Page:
Does the American League hold more baseball World Series titles than the National League?
Does Saudi Arabia produce more crude oil than Russia?
How do I know?
Statistics don’t just help us answer trivia questions – they also help us make intelligent decisions. If I heat my home with natural gas, I’m probably interested in what natural gas prices are likely to be this winter. If my business manufactures solar panels, I would want to know how many other companies are making them and how many they are making. If I’m a policymaker analyzing U.S. energy security, I might want to know where our oil comes from.
When it comes to energy statistics, the U.S. Energy Information Administration (EIA) is the place to go. EIA is the energy statistical and analytical agency within the U.S. Department of Energy. We collect, analyze, and publish independent and impartial energy statistics. These statistics help promote sound policymaking, efficient markets, and public understanding of energy and its interaction with the economy and the environment.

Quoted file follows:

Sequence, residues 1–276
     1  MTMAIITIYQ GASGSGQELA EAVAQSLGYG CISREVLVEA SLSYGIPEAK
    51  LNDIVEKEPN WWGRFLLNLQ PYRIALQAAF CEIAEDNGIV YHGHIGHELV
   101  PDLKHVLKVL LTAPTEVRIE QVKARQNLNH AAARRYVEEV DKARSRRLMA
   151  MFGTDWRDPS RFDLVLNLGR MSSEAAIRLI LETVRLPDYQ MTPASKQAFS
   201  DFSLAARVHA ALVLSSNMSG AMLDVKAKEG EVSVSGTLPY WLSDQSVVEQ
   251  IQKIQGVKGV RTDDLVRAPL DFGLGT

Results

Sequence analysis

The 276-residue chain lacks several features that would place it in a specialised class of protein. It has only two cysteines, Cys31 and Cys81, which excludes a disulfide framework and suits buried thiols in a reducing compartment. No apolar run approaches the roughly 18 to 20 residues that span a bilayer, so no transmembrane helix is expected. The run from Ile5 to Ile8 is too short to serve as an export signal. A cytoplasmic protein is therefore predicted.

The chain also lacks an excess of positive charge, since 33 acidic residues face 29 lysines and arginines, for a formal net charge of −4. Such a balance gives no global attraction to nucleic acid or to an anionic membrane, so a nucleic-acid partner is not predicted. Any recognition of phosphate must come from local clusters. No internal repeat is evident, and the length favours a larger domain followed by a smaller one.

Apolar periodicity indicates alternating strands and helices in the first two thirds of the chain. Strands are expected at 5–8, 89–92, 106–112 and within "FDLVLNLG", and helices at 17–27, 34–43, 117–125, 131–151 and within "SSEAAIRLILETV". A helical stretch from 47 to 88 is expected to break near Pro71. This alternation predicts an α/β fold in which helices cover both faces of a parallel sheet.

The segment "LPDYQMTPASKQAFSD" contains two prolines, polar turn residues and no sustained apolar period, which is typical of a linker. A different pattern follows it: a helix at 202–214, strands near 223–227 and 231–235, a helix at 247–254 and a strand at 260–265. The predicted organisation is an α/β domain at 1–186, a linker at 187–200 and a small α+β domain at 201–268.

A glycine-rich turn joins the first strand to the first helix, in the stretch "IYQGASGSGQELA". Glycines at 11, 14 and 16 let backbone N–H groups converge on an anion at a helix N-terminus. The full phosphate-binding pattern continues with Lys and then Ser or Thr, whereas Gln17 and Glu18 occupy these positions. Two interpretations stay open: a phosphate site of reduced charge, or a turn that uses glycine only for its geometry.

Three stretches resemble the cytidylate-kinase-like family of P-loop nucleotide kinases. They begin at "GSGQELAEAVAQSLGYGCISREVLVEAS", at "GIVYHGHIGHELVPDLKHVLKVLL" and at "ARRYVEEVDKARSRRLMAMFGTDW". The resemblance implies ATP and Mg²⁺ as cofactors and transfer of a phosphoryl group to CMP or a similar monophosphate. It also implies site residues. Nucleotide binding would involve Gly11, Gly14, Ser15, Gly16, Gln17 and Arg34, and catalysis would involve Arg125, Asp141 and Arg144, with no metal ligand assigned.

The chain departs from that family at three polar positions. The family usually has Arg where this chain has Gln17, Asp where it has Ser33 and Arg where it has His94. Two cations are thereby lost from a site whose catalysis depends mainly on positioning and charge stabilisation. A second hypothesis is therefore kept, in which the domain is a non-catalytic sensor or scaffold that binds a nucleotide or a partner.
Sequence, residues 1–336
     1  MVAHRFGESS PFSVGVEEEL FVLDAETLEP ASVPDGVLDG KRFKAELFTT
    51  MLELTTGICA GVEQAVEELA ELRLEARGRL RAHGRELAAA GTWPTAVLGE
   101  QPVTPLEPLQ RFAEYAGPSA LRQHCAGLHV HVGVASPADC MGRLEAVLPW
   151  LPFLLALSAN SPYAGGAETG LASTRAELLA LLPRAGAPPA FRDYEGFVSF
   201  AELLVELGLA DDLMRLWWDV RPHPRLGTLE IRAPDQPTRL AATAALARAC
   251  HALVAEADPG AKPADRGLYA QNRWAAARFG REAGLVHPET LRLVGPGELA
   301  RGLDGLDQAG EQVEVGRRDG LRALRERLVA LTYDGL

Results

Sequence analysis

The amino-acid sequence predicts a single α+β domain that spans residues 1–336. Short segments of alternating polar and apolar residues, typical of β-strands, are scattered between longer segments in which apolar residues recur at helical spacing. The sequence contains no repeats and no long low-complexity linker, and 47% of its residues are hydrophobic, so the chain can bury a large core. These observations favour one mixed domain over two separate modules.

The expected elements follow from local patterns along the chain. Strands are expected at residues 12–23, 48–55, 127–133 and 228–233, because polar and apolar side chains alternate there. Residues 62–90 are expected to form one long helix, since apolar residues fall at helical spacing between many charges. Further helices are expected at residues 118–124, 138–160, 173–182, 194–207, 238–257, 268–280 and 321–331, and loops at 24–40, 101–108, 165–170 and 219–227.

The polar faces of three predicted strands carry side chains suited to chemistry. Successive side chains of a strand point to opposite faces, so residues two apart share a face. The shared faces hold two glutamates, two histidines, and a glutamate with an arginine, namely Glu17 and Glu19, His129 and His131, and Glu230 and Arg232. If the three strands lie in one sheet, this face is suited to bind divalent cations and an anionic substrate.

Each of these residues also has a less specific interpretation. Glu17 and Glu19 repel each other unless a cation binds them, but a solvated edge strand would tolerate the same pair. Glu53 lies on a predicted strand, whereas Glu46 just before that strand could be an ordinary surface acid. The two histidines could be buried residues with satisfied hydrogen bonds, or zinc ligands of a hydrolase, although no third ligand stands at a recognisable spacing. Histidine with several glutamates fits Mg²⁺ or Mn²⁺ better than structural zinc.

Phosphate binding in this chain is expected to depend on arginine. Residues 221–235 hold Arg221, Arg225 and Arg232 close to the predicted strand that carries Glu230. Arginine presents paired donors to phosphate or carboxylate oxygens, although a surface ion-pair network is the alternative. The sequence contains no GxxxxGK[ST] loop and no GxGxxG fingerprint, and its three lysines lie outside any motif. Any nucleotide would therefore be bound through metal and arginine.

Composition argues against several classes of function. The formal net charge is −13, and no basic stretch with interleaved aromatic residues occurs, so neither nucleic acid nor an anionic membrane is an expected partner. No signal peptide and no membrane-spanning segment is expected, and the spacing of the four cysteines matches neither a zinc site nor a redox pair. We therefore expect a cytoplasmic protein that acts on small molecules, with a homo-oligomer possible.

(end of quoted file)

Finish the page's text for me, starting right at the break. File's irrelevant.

EIA conducts a comprehensive data collection program that provides statistics on the full spectrum of energy sources, end uses, and energy flows. We generate short- and long-term domestic and international energy projections; and we perform informative energy analyses.
For statistics to have meaning they must be understood within a coherent context. EIA has developed a number of energy information resources written in plain language that provide statistics within such a context:
Whether it is batting averages or barrels of oil, we count on statistics to make sense of our world.